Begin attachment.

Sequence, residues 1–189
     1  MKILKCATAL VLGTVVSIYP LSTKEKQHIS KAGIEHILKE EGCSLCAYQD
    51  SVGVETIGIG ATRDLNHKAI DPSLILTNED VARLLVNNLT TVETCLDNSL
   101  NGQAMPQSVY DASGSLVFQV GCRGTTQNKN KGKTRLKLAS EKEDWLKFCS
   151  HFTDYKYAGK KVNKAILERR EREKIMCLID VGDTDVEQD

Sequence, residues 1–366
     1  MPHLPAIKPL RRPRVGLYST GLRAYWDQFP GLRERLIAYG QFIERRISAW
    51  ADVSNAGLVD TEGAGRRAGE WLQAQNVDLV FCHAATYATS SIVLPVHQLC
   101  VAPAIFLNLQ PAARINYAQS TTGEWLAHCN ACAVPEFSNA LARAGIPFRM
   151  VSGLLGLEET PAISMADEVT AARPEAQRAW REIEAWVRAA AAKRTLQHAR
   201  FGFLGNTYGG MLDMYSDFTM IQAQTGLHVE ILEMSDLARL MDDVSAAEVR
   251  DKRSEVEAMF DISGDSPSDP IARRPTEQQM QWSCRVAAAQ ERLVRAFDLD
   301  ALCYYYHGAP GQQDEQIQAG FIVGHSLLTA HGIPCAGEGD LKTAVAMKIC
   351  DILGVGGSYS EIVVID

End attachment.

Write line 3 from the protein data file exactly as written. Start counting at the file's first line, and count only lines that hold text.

    51  SVGVETIGIG ATRDLNHKAI DPSLILTNED VARLLVNNLT TVETCLDNSL